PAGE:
Recommended Reading: Lena, by Cassie Pruyn

Lena, Cassie Pruyn’s debut collection, is a tender and fierce evocation of love and painful loss.

Lena was the poet’s first love; after their relationship ended, Lena was diagnosed with cancer and later died. In these poems, Ms. Pruyn offers readers both an unabashedly sensual portrait of first love and an elegy for Lena. The book is non-linear, threading together the poet’s complicated, overlapping emotions regarding Lena: affection, desire, frustration that their relationship couldn’t be lived openly, relief when it ended, grief in the face of her illness and death.

I admired this collection’s craftsmanship (particularly Ms. Pruyn’s facility with rhymes and stanza breaks), but even more so its wrenching honesty, from the innocent eroticism of “Lena’s Summer House in Rockport” (“and Lena      all skin / among scattered pillows”) to the yearning in “The House on Tator Hill” (“I didn’t belong in that house, or in any of its portraits / but we tried to make a home of its four-poster bed”), the guilt in “Dive,” and the incredulity in “Self-Interrogation.” In this poem, “Where is her body?” is repeated, a haunting refrain, in the poem’s first section, which imagines the body after death, and in the second, in which the speaker recalls the beloved’s body in life.

“Lena, No One Knew,” “Elegy for a Room,” and “Twenty Minutes at the Clam Shack,” and “In the Vineyard” (“she slants against the wind in her peacoat”) are some other favorites from this beautiful book, which I’m happy to recommend.

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Last Week’s Reading: May 28 -June 3

Birdie, by Tracey Lindberg: As usual, I am late to the CanLit party, but let me be the umpteenth person to tell you that Birdie is very, very good. Birdie, a Cree woman, has traveled to British Columbia from her home (that’s simplifying things, I admit) in Alberta, working in a bakery and hoping, maybe, to meet Pat John, an actor from The Beachcombers (had to look that one up). Birdie goes into a dream state in which she processes her memories of abuse; soon, her Aunt Val and cousin Skinny Freda arrive to watch over her. The novel is unabashedly non-linear, and Ms. Lindberg weaves Cree language and stories through the narrative, making this one of the more unusual, affecting reading experiences I’ve had lately. For a better review from a Canadian perspective, check out Laura’s post. Highly recommended.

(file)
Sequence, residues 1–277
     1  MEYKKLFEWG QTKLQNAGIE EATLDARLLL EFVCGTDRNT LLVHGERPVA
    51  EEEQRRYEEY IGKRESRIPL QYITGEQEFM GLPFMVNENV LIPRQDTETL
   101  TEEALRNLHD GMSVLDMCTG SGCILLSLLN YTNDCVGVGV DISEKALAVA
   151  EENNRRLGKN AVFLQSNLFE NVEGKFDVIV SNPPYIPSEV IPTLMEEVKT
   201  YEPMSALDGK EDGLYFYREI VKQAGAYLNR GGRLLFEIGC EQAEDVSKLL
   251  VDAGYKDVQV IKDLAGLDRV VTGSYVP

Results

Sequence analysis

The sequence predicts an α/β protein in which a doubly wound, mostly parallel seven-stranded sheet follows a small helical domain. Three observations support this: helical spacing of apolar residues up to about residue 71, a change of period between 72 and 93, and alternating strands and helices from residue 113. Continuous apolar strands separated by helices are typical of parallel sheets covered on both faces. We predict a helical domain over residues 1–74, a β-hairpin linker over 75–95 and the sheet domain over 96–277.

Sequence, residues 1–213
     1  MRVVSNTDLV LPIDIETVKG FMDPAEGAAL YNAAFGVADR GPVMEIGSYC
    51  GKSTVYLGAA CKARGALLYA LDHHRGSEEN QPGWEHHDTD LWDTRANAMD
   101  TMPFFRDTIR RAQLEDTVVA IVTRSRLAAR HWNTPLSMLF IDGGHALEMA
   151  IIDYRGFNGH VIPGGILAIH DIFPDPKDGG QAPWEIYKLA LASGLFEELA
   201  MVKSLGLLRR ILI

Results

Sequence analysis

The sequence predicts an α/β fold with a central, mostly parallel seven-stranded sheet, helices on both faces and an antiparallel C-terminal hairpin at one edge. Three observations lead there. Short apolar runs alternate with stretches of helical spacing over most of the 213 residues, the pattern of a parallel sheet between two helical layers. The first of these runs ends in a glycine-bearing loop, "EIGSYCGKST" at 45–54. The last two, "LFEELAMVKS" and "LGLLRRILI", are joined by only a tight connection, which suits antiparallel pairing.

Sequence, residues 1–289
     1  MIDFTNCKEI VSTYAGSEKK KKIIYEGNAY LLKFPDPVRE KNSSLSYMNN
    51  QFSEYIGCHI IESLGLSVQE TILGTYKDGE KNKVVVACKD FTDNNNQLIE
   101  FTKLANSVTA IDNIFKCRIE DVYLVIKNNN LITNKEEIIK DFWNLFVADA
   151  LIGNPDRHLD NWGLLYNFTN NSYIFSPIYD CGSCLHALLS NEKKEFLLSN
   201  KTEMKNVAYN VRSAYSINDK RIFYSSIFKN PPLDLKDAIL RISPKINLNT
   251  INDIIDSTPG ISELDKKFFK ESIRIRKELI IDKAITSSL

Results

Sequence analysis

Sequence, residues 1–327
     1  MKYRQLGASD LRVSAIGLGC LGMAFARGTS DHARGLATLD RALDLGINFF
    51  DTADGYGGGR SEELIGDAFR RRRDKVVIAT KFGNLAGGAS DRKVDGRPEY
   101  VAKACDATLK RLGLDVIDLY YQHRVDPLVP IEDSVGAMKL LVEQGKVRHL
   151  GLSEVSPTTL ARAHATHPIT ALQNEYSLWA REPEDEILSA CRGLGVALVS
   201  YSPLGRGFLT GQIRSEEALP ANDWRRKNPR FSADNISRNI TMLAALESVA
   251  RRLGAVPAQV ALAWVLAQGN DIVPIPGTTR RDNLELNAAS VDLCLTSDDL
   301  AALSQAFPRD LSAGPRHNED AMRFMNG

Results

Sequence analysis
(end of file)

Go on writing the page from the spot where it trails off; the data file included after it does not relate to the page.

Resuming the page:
Sycamore, by Kathy Fagan: I admire Kathy Fagan’s poetry so much, and Sycamore is no exception. In it, Ms. Fagan considers the sycamore tree as a physical object and as a metaphor (for growth, for change, among other things) in poems about the end of a long marriage. Sycamore is the kind of book that I’ll return to again and again, though its complexities and delights make it difficult to express how much I enjoyed it in this brief overview. For a better sense of the collection, please have a look at The Cloudy House Q & A with Kathy Fagan.

Mr. Rochester, by Sarah Shoemaker: Jean Rhys’s Wide Sargasso Sea will always be the Jane Eyre-inspired novel against which all others are measured, though  Mr. Rochester is a fine addition to the category. If it didn’t, to my ear, quite capture the voice of the elusive and angry Rochester, it nonetheless is a noble effort, and Ms. Shoemaker plausibly fills in the gaps of his history. Subtly, the author shows us that Rochester is not so self-aware as Jane; nor is he particularly invested in righting the many wrongs he encounters in his travels. Recommended for Brontë fans looking for more of the gloomy Mr. R.

Lena, by Cassie Pruyn: This is a beautiful debut collection about the sweet-bitter nature of first love–longer review to come (sooner rather than later, I hope).